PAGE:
Records of the Stockholm office of the American Joint Distribution Committee, 1941-1967
Extent and Medium
194 files, 17 linear feet
Scope and Content
The Stockholm Collection contains the records of JDC’s Stockholm office during the years 1941-1967. The majority of the materials focus on the Stockholm office’s activities during World War II and in the postwar period from 1944-1949. In wartime, JDC’s Stockholm office, strategically located in neutral Sweden, was well-placed to coordinate the delivery of supplies to survivors and refugees in Europe, collaborate in wartime rescue operations, and to establish contact with and coordinate searches for survivors after the war ended. These records also chronicle JDC’s collaborations with other organizations to assist survivors, such as its work with the Red Cross on the White Buses. This project, headed by Count Folke Bernadotte, a Swedish diplomat and then-president of the Swedish Red Cross, provided packages and medical care to survivors in concentration camps, as well as bringing some concentration camp inmates to safety in Sweden during the last months of the war. JDC also cooperated with the local Swedish Jewish community, the Mosaiska Församlingen, to assist Holocaust survivors who had arrived in Sweden from Denmark, Norway, Hungary, and concentration camps. After the war, JDC representatives in Stockholm arranged for shipments of supplies distributed by JDC offices to survivors in Germany, Poland and Austria. These were referred to as the Felix Convoys, coordinated by Mrs. Kerstin Felix. JDC also provided care and maintenance for refugees with tuberculosis and other diseases who were sent to sanatoria in Sweden to recuperate. In addition, the Stockholm office also corresponded with Jewish communities in South America and South Africa who sought to send money and other aid to survivors, and with other Jewish communities requesting assistance, such as the Jewish community in Prague.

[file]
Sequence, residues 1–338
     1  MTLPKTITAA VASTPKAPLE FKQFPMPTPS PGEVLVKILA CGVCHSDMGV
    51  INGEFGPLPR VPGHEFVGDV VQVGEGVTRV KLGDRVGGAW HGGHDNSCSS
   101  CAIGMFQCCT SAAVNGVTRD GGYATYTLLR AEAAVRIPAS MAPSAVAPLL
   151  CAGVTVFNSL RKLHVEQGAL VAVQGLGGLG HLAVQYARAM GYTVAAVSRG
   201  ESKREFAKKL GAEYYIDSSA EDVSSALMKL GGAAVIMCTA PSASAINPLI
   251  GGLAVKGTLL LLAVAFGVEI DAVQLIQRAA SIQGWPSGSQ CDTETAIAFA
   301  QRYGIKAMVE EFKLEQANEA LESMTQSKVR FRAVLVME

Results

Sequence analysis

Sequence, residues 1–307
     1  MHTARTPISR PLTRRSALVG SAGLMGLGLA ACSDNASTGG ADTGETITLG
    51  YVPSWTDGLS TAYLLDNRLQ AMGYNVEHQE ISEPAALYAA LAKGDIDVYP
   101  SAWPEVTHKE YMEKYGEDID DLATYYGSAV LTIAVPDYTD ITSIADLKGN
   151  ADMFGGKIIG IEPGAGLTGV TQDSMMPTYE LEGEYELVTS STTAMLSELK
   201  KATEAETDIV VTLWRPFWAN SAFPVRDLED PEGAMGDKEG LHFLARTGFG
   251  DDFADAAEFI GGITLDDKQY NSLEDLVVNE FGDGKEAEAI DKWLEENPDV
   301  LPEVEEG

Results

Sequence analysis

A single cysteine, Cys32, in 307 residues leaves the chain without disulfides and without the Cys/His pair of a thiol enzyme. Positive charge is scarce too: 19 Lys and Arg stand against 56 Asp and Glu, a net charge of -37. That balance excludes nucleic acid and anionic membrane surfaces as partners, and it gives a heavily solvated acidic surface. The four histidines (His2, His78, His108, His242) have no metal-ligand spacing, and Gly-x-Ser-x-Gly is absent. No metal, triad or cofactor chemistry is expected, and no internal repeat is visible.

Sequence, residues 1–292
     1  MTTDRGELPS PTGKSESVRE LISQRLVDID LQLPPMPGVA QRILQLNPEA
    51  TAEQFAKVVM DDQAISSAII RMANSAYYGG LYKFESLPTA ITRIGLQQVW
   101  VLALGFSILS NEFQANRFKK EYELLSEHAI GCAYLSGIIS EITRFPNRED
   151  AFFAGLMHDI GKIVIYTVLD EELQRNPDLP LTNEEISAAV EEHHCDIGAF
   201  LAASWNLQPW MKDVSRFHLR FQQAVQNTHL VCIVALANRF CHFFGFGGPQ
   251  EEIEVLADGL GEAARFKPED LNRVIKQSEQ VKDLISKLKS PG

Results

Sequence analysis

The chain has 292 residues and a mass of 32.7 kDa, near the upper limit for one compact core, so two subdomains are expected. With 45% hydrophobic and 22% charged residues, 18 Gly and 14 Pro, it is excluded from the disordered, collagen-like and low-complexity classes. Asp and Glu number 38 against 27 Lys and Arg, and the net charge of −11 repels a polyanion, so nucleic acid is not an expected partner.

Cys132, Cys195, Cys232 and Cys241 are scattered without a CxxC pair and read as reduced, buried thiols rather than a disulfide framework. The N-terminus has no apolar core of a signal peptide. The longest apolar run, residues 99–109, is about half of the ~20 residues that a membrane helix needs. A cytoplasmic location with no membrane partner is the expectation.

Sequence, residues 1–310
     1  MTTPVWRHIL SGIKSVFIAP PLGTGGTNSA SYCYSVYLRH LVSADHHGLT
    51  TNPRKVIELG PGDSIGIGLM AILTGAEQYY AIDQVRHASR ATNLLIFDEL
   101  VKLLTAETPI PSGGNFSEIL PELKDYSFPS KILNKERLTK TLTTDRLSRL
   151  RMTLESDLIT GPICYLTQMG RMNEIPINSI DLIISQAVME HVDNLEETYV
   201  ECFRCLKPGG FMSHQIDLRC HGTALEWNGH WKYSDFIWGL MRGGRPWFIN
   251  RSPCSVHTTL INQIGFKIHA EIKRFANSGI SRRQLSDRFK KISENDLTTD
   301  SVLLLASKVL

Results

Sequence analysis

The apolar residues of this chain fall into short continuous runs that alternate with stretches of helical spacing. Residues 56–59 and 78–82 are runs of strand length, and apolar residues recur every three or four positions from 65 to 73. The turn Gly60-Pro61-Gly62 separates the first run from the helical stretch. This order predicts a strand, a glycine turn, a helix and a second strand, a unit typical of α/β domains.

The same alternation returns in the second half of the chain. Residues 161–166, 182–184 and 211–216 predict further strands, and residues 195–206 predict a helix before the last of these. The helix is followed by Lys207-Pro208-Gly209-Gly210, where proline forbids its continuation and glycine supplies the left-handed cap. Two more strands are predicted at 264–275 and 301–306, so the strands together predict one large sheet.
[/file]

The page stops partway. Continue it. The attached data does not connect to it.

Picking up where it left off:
System of Arrangement
The collection is divided into four subcollections: Administration, Organizations, Subject Matter, and Countries and Regions. Subject Matter is the most extensive subcollection with 109 files, followed by Administration (47 files), Organizations (20 files), and Countries and Regions (19 files). Each subcollection is further divided into topical record groups. Many files contain a mix of topics or correspondents. Out of respect for this original arrangement, many files have been catalogued under Subject Matter: Various; Administration: General; and Organizations: Various. A detailed description of each folder appears under the collection's finding aid.
Conditions Governing Access
The collection is open to researchers with the exception of files that are restricted due to the nature of their contents. Restricted files can include legal files, personnel files, case files, and personal medical diagnoses, etc. Some files in this inventory hold confidential information, and are restricted in accordance with the JDC Archives’ Access and Restrictions Policy.
JL according to the description collection on the JDC website: http://archives.jdc.org/assets/documents/finding-aids/stockholm-collection-inventory.pdf
Rules and Conventions
EHRI Guidelines for Description v.1.0